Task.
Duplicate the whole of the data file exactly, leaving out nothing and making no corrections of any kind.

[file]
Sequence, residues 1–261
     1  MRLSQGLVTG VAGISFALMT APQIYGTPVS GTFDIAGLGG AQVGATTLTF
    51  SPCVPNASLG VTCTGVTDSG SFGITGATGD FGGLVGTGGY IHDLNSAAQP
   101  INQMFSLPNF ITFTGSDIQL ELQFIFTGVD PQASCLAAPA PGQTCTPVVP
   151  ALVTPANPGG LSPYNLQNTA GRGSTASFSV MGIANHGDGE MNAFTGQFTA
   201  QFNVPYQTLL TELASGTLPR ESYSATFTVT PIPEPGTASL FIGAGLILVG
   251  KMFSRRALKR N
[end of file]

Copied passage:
Sequence, residues 1–261
     1  MRLSQGLVTG VAGISFALMT APQIYGTPVS GTFDIAGLGG AQVGATTLTF
    51  SPCVPNASLG VTCTGVTDSG SFGITGATGD FGGLVGTGGY IHDLNSAAQP
   101  INQMFSLPNF ITFTGSDIQL ELQFIFTGVD PQASCLAAPA PGQTCTPVVP
   151  ALVTPANPGG LSPYNLQNTA GRGSTASFSV MGIANHGDGE MNAFTGQFTA
   201  QFNVPYQTLL TELASGTLPR ESYSATFTVT PIPEPGTASL FIGAGLILVG
   251  KMFSRRALKR N